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Daniel Levy’s Imaginary Shortlist: Options for Tottenham at Right Back

Tottenham need a right back. This is an evaluation of possible options available this summer.

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Norwich City v Burnley FC - Premier League Photo by Julian Finney/Getty Images

Jose Mourinho found a way to grind out results after the restart, with Spurs outscoring the opposition 14-9. But forty seven goals let in over the entirety of the season are the results of a mid-table team; enough has been written about Pochettino’s dire last months at Spurs, and it’s tough for any coach - even the Special One - to markedly improve a team halfway through the season.

Almost as soon as the Portuguese manager set foot into Enfield, Spurs spurs switched to a mid to low block. A more compact effort at occupying the central area by Winks/Sissoko/Lo Celso forced opposition attacks to funnel the ball towards the flanks. With the likes of Lucas/Son tracking back to help their respective fullbacks, Tottenham were able to keep a fairly resolute defense towards the tail end of the season.

The fullback position, however, poses a challenge for Tottenham. Going from having two of the world’s best fullbacks in Kyle Walker and Danny Rose at one point, to accepting the current standard that fills Spurs’ ranks has been a tough pill to swallow. Neither Serge Aurier or Ben Davies are particularly awful in their positions, but one would be hard pressed to say that Spurs can’t improve on personnel on either flank. For the sake of this piece, we’ll focus on right back.

Serge Aurier’s 19/20 Season

Serge Aurier has had a tough season - personal news notwithstanding, on the pitch he has gone from being a starting right back for Pochettino to being absolutely key for Mourinho. There are still large question marks as to whether he’s up for the task. Aurier has received a lot of criticism from the Tottenham fanbase, due to fairly glaring mistakes committed against the likes of Arsenal and Liverpool earlier in the season. Since his transfer in 2017/18 to Spurs, he’s picked up 2 red cards and conceded 4 penalties, giving him a reputation of being rash.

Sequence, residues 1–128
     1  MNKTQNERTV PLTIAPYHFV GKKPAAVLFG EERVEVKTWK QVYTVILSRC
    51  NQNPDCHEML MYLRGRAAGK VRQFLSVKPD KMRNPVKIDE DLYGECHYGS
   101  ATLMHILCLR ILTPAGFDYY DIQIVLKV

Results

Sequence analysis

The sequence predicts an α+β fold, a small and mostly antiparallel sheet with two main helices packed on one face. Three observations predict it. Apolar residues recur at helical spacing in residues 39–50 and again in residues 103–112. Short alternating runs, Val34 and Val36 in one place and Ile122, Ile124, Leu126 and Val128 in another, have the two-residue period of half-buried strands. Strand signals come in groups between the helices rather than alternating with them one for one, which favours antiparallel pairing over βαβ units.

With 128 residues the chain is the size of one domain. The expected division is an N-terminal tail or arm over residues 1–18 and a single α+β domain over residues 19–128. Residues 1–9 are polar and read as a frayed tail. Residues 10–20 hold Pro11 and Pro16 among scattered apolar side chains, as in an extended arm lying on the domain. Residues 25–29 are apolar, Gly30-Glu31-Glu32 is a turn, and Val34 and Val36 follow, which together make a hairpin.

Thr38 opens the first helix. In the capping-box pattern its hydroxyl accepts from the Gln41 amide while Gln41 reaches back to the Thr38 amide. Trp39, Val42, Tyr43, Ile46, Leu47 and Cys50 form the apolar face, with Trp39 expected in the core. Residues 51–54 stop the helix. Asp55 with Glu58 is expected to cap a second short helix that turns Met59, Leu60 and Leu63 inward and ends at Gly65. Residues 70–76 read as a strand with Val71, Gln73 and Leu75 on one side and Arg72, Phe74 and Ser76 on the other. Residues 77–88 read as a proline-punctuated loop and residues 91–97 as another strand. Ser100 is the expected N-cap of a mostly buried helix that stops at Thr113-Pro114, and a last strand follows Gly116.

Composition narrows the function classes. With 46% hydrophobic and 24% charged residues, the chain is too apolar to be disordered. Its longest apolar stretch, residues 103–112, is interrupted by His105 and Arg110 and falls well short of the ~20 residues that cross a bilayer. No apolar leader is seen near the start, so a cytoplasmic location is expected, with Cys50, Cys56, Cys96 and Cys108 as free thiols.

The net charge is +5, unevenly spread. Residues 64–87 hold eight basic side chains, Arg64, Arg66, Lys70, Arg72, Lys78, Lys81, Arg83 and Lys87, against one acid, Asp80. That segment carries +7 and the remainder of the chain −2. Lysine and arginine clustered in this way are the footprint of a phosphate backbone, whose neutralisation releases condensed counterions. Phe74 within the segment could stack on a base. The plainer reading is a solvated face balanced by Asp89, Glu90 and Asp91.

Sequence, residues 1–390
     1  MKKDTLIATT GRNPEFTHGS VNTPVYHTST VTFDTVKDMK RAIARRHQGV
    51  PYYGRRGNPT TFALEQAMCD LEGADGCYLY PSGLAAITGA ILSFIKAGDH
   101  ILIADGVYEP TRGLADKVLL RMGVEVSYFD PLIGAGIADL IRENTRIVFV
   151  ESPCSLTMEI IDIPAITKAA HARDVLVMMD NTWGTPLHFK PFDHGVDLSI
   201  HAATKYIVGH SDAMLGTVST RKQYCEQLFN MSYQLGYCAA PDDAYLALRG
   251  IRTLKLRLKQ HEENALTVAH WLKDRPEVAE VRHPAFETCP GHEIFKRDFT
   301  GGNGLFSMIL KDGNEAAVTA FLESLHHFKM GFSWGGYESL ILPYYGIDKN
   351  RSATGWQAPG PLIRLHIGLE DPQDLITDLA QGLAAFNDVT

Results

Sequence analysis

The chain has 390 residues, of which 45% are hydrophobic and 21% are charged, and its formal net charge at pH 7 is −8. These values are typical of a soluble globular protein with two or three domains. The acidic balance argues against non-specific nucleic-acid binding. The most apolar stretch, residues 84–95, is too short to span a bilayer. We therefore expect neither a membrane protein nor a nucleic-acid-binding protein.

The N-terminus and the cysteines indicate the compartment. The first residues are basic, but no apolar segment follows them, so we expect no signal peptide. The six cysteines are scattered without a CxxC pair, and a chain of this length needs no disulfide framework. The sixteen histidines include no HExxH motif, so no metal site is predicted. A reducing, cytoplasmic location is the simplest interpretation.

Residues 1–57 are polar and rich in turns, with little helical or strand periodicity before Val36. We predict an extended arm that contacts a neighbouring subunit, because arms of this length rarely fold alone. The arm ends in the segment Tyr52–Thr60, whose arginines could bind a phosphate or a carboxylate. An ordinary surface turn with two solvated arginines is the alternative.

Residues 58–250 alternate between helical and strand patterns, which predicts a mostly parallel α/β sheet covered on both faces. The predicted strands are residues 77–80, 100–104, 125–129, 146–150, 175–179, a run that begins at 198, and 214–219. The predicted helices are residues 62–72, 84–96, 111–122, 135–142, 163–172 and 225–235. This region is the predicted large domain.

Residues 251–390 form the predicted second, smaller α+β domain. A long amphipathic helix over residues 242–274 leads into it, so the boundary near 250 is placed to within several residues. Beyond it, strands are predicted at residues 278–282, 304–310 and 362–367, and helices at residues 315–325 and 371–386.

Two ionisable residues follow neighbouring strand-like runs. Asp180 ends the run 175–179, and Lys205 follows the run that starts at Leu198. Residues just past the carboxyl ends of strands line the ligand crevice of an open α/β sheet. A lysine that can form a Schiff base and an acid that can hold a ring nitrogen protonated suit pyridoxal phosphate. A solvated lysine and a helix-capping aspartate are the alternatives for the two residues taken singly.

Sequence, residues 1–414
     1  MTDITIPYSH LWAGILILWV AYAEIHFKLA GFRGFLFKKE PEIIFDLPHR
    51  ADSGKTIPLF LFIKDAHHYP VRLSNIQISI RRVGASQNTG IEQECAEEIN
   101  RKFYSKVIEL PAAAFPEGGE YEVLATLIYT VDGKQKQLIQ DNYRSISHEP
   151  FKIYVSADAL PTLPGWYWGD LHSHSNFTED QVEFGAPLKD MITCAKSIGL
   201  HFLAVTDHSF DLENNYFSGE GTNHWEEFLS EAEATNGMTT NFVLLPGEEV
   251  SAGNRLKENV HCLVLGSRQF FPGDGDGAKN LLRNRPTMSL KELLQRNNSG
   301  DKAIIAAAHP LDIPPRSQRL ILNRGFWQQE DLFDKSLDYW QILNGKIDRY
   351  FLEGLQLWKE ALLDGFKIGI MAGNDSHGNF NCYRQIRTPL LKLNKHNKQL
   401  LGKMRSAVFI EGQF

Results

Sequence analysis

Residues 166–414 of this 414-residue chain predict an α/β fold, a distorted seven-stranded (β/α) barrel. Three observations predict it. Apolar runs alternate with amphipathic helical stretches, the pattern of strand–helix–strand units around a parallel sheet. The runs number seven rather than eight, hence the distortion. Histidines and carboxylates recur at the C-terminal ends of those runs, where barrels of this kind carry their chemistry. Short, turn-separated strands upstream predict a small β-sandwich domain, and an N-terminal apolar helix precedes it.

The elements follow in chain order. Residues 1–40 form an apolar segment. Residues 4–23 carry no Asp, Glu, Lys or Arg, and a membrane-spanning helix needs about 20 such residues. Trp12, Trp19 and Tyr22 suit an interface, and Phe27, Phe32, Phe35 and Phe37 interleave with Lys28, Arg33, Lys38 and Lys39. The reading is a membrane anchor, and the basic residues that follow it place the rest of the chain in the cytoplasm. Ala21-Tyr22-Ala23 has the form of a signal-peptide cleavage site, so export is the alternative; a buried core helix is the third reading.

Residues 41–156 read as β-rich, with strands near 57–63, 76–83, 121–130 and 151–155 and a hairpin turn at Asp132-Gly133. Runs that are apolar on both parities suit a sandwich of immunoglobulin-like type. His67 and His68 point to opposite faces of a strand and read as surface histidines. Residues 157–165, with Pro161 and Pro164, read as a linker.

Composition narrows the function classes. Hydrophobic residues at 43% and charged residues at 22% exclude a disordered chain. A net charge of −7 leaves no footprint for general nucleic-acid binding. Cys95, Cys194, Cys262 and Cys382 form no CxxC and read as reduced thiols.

That said, his defensive numbers aren’t horrible. He has a high number of defensive duels per 90, at 7.53, and wins just over 60% of them. He’s active in the air as well, with 4 aerial duels per 90, and racks up about 5.29 interceptions a match (not necessarily regaining possession, just breaking up play.) As stated above, he makes very clear and silly mistakes often, but there is a solid foundation of a defensive player in there.

If Mourinho does bring in a right back it’ll be for two reasons - Aurier’s attacking output and defensive decisionmaking.

First, Mourinho is intent on having a foundation of four defenders at the back but building with three (going as far back as September 2019, he referred to clubs that play this way as having a “different vision”.) In his time at Spurs Aurier has played as a wingback to facilitate this system, and create a spare man on the right attacking flank. But Aurier has struggled to consistently create danger from the right.

Aurier’s heatmap for the 19/20 season. He’s given license to roam forward due to his crossing ability and athleticism, which enables him to shuttle back and forth and play progresses.

He averages 4.21 crosses p/90 with a 23% success rate - a high number of crosses per game but very few are successful. When one considers the fact that Sissoko plays largely to help him defensively, and Mourinho has seemingly ignored implementing an attacking system apart from utilizing Aurier in this role, it’s simply not enough. In comparison - Azpilicueta and Sheffield United’s Baldock had 37.5% success rate with crosses from the RB position.

There are certain parts of football that are hard to quantify into stats. Solid defensive numbers tell only one side of the story, and it’s important to actually view how Aurier plays in order to understand that defensively, his decision-making can be, to be kind, baffling. When he gets dragged out of position, he struggles to keep up with play in order to help out his teammates.

Crystal Palace regain possession in the middle third, and Aurier is caught upfield. This is an accepted risk by Mourinho, but Aurier (or Sissoko) should be able to predict the pass as Zaha releases Ayew. A top grade right back might be able to block the pass, and a good right back would simply sprint back into the dager area. Aurier does neither and jogs back to cover Alderweireld as he’s dragged out.

Additionally, Aurier is eager to get stuck in which is something opposition players can easily exploit.

Against Leicester, Aurier is dragged out of position by Harvey Barnes. Barnes catches his wrong sided and easily bypasses ham to release the onrushing Leicester player down their left.

These are just a few, recent examples of Aurier’s shortcomings. It’d be harsh to say Aurier is a horrible player, but it’d be equally naive to think that Spurs do not need an upgrade in one of their main attacking and defending pieces.

Looking Internally - Can Kyle Walker-Peters Fill the Role?

Kyle Walker-Peters (KWP) has had a tough going breaking into Spurs’ starting XI, and has been loaned out to Southampton. Having only played 9 matches for the Saints, it’s tough to ascertain whether KWP will have a shout at dethroning Aurier from the starting XI. Hasenhüttl and Mourinho are night and day when it comes to tactics, and they expect wildly different things from their fullbacks.

KWP regains possession against Bournemouth and cuts straight through the middle - a space that James Ward-Prowse has vacated. At Southampton, he’s tasked with carrying the ball forward and recycling possession. He hasn’t been used as an attacking outlet.